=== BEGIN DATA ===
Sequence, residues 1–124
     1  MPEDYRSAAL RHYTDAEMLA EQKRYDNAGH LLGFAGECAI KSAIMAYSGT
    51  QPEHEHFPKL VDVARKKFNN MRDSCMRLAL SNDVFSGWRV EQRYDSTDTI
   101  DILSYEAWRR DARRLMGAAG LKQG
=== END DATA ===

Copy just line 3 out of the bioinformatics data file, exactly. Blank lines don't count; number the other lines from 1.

    51  QPEHEHFPKL VDVARKKFNN MRDSCMRLAL SNDVFSGWRV EQRYDSTDTI